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June 28, 2017

Do Philadelphia Union fans care about developing players for the United States national team?

Soccer Union
62817_jones rudds Paul Rudderow/Philly Soccer Page

Union midfielder Derrick Jones represented the United States at the recent U20 World Cup.

On multiple occasions this year, you've heard Union head coach Jim Curtin and sporting director Earnie Stewart talk about their desire to develop players for the United States national team.

The topic came up again on Saturday night after the 1-0 win against D.C. United in a question about Alejandro Bedoya's impending Gold Cup call.

"Anytime you lose a national team quality player, it’s tough to replace," Curtin said post-game. "We’re ready though. We’re ready to do it and we want, at the Philadelphia Union, players to play for the U.S. national team. The only way this game will grow in this country is if our national team is strong and we want to be a club that has players in the youth national team and the full national team. We really believe in the American player, and it really has to be a situation where we are putting players on the national team and the game is growing and it’s the only way it will grow."

The Union are 5-1 in Bedoya's last six starts, losing the other two June games that he didn't play.

He missed the 2-1 loss in New York City while away for World Cup qualifiers. Derrick Jones was similarly unavailable through international duty, resulting in the Union turning to third-string defensive midfielder Warren Creavalle instead. Creavalle came out of the game injured, forcing center back Jack Elliott to deputize in the midfield for the final 20 minutes.

Bedoya then missed the following game due to a hamstring injury suffered on that international trip. Jones, who had just returned from the U20 World Cup, started in Bedoya's place and was sent off in the 53rd minute of the 2-0 Red Bull loss.

While it was nice to see two Philadelphia players representing two different levels of the USMNT, it didn't help the Union, who could have used their captain and starting #8 in that pair of losses.

Bedoya will again be out of commission for most of this month. Teammate Andre Blake, maybe the best player on the squad, will also be gone for Gold Cup duty starting next week.

Haris Medunjanin also received a recent call, traveling all the way to Bosnia to sit on the bench for a 2018 World Cup qualifier. He should get credit for delaying his international travel to play in the NYC game on June 3rd, before flying out to Europe.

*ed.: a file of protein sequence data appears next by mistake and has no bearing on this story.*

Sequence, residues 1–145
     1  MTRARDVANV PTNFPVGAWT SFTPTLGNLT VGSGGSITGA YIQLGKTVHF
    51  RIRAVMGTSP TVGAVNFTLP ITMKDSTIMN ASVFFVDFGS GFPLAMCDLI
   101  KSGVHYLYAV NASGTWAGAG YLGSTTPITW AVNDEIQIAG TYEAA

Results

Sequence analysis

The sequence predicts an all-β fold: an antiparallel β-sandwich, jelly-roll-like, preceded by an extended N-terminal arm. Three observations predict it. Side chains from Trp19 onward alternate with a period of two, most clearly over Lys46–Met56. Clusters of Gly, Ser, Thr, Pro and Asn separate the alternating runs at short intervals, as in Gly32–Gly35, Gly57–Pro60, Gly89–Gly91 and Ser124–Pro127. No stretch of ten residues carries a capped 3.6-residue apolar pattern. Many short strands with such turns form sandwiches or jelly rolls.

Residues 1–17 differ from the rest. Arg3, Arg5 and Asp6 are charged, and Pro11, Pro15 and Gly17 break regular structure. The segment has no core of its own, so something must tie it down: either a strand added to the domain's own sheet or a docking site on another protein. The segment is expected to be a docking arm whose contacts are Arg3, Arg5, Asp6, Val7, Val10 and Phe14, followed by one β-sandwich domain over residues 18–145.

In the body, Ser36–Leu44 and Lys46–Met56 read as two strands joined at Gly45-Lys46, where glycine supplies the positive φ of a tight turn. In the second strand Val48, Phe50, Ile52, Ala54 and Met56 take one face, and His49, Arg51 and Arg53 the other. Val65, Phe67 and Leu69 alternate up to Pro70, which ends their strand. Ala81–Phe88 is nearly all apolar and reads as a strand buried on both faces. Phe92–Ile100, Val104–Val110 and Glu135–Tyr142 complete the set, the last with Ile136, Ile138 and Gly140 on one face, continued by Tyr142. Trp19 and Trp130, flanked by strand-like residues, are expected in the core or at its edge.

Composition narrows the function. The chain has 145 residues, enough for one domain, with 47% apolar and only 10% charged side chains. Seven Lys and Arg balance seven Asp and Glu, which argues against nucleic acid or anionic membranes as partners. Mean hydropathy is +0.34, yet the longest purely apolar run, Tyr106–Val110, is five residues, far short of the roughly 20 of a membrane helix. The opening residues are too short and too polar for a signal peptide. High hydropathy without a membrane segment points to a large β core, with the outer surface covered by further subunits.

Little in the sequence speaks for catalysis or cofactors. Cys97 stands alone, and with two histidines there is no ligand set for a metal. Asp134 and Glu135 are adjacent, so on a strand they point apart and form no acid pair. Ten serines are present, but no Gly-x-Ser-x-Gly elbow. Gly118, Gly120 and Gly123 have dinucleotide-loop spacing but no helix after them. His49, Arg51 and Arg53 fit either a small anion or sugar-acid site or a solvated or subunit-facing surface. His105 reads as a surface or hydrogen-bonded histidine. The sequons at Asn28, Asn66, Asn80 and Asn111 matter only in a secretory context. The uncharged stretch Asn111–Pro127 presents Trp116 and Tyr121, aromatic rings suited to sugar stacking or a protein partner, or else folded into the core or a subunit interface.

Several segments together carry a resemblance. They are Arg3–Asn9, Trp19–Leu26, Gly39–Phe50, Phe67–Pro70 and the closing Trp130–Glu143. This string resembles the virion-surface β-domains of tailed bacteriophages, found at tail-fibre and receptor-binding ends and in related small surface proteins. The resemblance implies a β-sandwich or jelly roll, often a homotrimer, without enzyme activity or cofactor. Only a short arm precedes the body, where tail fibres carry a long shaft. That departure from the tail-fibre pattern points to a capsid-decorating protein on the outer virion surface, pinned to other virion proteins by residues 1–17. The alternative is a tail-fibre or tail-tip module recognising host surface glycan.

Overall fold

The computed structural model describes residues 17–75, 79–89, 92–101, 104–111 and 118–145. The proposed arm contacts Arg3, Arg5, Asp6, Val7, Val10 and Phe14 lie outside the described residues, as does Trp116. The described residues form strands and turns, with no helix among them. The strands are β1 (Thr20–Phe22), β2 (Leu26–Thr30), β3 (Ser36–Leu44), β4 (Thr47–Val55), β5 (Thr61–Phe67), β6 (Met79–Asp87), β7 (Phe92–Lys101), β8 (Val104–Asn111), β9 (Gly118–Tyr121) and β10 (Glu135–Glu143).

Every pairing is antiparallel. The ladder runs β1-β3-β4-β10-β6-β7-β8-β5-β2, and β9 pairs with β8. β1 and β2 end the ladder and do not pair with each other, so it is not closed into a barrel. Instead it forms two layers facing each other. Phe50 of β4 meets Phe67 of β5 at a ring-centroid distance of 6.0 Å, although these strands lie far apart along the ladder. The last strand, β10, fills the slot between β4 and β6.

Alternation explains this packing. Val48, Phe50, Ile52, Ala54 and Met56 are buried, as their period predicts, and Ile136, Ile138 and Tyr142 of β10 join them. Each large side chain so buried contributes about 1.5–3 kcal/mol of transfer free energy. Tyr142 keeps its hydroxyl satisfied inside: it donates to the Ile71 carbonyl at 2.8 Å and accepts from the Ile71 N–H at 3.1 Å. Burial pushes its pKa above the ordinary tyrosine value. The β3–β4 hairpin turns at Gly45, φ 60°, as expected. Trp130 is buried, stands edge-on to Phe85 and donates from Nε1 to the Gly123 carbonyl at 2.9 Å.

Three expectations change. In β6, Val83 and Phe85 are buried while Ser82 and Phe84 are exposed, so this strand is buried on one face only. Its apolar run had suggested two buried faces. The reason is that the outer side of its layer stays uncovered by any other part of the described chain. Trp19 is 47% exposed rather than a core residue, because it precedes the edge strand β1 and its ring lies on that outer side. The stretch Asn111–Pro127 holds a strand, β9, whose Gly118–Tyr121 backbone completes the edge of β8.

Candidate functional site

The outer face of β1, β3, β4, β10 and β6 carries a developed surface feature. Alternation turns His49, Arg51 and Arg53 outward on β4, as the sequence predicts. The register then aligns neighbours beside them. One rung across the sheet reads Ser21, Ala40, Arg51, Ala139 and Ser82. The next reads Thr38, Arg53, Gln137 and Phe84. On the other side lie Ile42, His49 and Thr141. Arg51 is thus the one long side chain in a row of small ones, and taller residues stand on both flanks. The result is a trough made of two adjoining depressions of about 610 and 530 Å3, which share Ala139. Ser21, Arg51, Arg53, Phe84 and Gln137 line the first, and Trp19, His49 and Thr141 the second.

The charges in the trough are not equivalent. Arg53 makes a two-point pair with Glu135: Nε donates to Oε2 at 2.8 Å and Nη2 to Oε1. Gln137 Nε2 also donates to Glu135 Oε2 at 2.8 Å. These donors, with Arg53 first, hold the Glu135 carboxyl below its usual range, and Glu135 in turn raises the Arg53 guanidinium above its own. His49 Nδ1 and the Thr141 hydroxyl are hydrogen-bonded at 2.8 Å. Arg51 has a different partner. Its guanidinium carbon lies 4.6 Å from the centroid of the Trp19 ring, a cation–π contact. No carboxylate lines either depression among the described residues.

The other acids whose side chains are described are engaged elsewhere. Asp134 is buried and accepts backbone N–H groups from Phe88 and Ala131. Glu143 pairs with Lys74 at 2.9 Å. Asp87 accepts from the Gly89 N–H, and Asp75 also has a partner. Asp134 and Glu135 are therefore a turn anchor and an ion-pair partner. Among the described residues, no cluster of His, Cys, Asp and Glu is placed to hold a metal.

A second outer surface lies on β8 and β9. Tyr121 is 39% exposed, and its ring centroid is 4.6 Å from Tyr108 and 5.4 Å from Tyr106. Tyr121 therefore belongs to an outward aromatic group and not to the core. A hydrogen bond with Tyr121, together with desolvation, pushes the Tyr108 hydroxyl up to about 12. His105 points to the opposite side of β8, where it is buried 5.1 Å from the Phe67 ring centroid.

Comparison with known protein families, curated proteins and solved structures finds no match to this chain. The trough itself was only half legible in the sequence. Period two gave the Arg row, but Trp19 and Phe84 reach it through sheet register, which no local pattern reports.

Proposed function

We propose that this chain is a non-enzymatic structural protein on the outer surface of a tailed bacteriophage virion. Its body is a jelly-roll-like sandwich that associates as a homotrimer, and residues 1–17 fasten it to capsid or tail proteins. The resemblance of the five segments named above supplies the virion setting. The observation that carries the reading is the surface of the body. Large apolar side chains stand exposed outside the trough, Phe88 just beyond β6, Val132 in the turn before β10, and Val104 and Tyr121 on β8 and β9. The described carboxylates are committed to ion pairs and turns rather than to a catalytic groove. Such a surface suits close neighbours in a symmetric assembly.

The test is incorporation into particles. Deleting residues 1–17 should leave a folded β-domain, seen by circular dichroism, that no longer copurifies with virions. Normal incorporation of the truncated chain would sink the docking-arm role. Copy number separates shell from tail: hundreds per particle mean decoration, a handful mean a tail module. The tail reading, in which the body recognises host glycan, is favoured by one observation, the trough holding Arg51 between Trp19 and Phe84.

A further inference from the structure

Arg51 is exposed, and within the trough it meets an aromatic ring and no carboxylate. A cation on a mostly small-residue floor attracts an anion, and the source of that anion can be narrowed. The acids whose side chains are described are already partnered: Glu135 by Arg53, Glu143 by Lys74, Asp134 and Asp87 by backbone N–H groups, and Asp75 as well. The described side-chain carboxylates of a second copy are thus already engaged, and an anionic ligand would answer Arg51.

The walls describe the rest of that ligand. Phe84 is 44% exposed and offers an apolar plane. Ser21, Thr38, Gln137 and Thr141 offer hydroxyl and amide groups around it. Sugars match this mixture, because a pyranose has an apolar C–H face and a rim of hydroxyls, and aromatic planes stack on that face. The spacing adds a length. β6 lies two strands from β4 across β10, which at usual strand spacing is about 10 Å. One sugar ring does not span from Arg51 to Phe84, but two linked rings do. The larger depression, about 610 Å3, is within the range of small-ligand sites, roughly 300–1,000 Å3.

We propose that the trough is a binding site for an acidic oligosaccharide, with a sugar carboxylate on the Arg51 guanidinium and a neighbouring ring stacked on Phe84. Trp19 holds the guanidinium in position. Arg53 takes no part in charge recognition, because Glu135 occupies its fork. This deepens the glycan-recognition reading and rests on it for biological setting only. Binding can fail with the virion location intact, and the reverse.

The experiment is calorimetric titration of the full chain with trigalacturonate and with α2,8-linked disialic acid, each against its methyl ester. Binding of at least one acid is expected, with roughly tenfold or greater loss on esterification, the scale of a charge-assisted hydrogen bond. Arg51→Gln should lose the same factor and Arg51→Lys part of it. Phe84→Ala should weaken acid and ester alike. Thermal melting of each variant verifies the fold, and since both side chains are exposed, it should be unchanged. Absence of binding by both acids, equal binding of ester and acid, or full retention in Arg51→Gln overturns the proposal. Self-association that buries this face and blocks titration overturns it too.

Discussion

Those are the negatives of international play, amplified in a league that does not adhere to the FIFA calendar.

The biggest positive is that the club's profile probably increases when players get those call-ups.

For instance, a young American or one playing overseas can say, "Hmm, well Bedoya plays for Philadelphia and he's getting calls, so maybe I'd like to play there, too."

It also works the other way, with a guy like Medunjanin representing the Union badge while playing alongside teammates who ply their trades at Juventus, Roma, and Hertha Berlin. If one Sarajevan teenager Googles the Philadelphia Union because of Haris' connection, then that's a small win for the "brand."

And think about soccer fans in Philadelphia who don't care about the Union (there are many). If they see Derrick Jones on TV and say, 'Oh wow, he plays here?' then that's another minor victory for the local club and exemplifies what Curtin mentioned in that first quote about growing the game in this country.

The issue is whether or not existing Union fans care about international call-ups, which we asked about on Tuesday.

"I think ultimately they do love players that play for our national team," Curtin said. "I think that's natural. I think the patriotism is in every Philadelphian from that regard, but at the end of the day they want to win soccer games. It needs to be said that Earnie and myself, number one is for the Philadelphia Union to win soccer games. So when we make comments about the importance of developing the American player, that's also with the mindset of 'win first,' for sure."

That's fair and it makes sense, especially for the Philadelphia sports fan who has witnessed one championship since 1983, or two if you count Villanova basketball.

Since 2009, we've lost a World Series, a Stanley Cup final, two U.S. Open Cup finals, and the Eagles are 0-3 in the playoffs.

The priority in Philadelphia is always going to be winning championships, with everything else being placed strictly on the backburner.

But the territorial nature of this city does create a sense of pride that might not exist elsewhere. That lends itself to the idea that locals really want to see "their own" do well on the international stage.

"I do think, to our region, and to the homegrown player, that Philadelphia is a little more parochial," Curtin explained. "We embrace our own, so there is something to the Derrick Jones type of story or the Auston Trusty story. Now, if they become guys that go on and play for our senior national team, that is powerful. If Christian Pulisic came back here, you could argue that our fan base might get behind him more than (any) aging superstar. I'm not sure; I don't want to speak for them but I do think there is something to the Philly mentality, the Philly mindset that is very parochial, where we love our own. So there's a confidence in the fan base to see players go from us to the national team. I think there's something there, but at the end of the day it is about winning and having success on the field."